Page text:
Posts Tagged ‘J20’
Monday, April 1st, 2019
June 11th: The international day of solidarity with Marius Mason and long-term anarchist prisoners. In the 15 years this tradition has been observed, June 11th has facilitated support and action inspired by imprisoned anarchists — from noise demonstrations outside of jails to letter-writing nights, from fundraisers to arson. Setting aside this day is one way of remembering anarchists who are serving long prison sentences, generating support for them, and inspiring solidarity actions.
Because social struggles phase in and out, this day is a way to make sure that our imprisoned comrades are not forgotten. Our lack of memory is partially a result of the techno-alienation of the larger culture we’re fighting against. But it’s also a product of the dynamics of the anarchist space. People become burnt out and the cycle of forgetting continues.
June 11th is a way of combating that amnesia, of trying to sustain a long-term memory in the anarchist space. Not only does this generate support for anarchists locked in the state’s prisons, it forces us to look back at what came before. Considering what previous generations did can both inspire us with ideas we’ve forgotten, and help us understand how our current practices came to be. (more…)
Tags: Connor C. Stevens, Eric G. King, Freddy Fuentevilla Saa, International Solidarity, J20, Jeremy Hammond, Joaquín García Chanks, June 11, June 11th Solidarity, Lisa, Marius Mason, Michael Kimble, Operation Panic, Operation Renata, Operation Scintilla, Operation Scripta Manent, Repression, Sean Swain, USA
Posted in Prison Struggle
Saturday, November 3rd, 2018
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A critical and at times biting look back on the fight against J20 repression. This text will hopefully lead to more reflections, responses, and above all – critical reflection as we look back and assess our own activity.
I’m a former J20 defendant.
Off the bat, I want to say that I only speak for myself. I’ve learned this is important. No one has permission to speak for me, and I don’t permit myself to speak for anyone else. I think this is the common mistake made by “organizations” of any form, all these tiny Leviathans that pick up this or that cause, on behalf of such and such people: their project is still representation, the creation of subjects and sovereigns, still business as usual. In the end, I think they manage our struggles for us.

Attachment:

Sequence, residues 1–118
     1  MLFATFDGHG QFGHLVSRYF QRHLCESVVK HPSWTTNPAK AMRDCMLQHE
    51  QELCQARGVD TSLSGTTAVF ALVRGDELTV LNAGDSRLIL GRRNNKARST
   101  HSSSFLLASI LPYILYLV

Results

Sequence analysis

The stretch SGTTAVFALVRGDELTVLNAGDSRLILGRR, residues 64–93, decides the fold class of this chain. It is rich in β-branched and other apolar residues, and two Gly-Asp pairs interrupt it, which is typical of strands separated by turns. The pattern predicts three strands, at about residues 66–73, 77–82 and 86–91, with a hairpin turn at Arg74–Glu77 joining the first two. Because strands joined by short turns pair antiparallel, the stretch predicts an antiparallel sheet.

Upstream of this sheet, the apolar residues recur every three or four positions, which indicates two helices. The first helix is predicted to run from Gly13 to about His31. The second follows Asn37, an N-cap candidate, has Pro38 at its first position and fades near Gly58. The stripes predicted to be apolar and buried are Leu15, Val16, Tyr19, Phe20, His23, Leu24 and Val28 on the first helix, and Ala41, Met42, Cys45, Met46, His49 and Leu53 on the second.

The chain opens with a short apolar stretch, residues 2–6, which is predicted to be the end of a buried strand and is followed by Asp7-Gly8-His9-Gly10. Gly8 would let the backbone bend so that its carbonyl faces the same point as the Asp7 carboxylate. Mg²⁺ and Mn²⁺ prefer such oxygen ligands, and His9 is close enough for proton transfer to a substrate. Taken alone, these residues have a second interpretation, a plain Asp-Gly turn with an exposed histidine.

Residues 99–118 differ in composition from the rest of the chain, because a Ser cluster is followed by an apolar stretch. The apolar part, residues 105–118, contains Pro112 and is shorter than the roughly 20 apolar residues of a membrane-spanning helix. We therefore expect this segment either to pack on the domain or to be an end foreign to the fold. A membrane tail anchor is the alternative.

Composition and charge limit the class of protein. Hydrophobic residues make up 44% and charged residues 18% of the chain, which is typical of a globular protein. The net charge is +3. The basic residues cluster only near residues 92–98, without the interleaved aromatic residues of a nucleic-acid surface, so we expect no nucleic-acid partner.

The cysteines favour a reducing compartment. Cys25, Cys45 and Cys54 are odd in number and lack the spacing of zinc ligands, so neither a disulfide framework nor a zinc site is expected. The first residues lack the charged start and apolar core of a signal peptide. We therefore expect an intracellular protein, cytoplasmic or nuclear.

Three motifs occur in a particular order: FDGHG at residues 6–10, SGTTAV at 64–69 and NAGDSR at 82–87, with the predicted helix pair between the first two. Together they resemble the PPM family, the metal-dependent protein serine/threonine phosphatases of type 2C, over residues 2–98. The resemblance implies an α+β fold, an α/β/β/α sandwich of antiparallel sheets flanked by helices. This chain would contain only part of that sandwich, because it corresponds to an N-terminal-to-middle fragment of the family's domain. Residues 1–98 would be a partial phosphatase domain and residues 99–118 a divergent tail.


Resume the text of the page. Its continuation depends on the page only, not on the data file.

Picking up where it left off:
Our struggles need to be direct. They have to emerge directly from within our own lives, our particular situations, and we need to embrace a willingness to confront them. No one is coming to liberate us but ourselves. I think this is a good thing however, it means there’s no one to wait for.
I’m not going to discuss what happened on January 20th, 2017. The majority of ex-defendants had their charges dismissed without prejudice, and in addition to possibly placing them at risk, recounting a few (allegedly) shattered windows during a largely symbolic protest doesn’t mean nearly as much to me as the last eighteen months of concentrated, intense state repression. (more…)
Friday, September 22nd, 2017
Throughout my whole life, I’ve had a running list of worst fears that changed over the years, as many times as I have. My latest, having been the most likely to occur were fears of houseless-ness and prison. I used to have nightmares of the two where I would wake up in sweats. I’ve since been cured of them both but only by living through each.
With work inside our local communities, most, if not all, activists see people when they need solidarity the most. The houseless, the jobless, the drug addicts, the ones that have been tossed out, abused, and left for dead by our capitalistic system are the ones who we eat dinner with, laugh with, seek treatment with or aid mutually more than most others. A lot of these people have hit the preverbal bottom with unwavering abandonment from the state. The presence of these fears was only the state legitimizing itself in my subconscious mind. Facing my fear of houseless-ness was voluntary and a choice I made before leaving for Standing Rock last year. My arrest on Jan 21st was not voluntary what so ever and I would soon learn how to de-legitimize the state through control of ones own fears.
After the courts released me on January 26th, my fears were put into overdrive after five days in DC jails’ intake wing. Our culture is centered around punishment. Our TV’s highlight it, our movies romanticize it, our politicians run on it’s platform, and our judges make a mockery of it by sending youth to “Scared Straight” programs. The latter of these I had the honor of attending at the youthful age of 14. Having grown adults insinuate that they would kill you if given the chance at such a young age is a shining example of just how loving our justice system is. Occupied Turtle Islands’ obsession with punishment is unavoidable and a symptom of society’s sickness in the same way that cops are glorified and reality TV stars become president. (more…)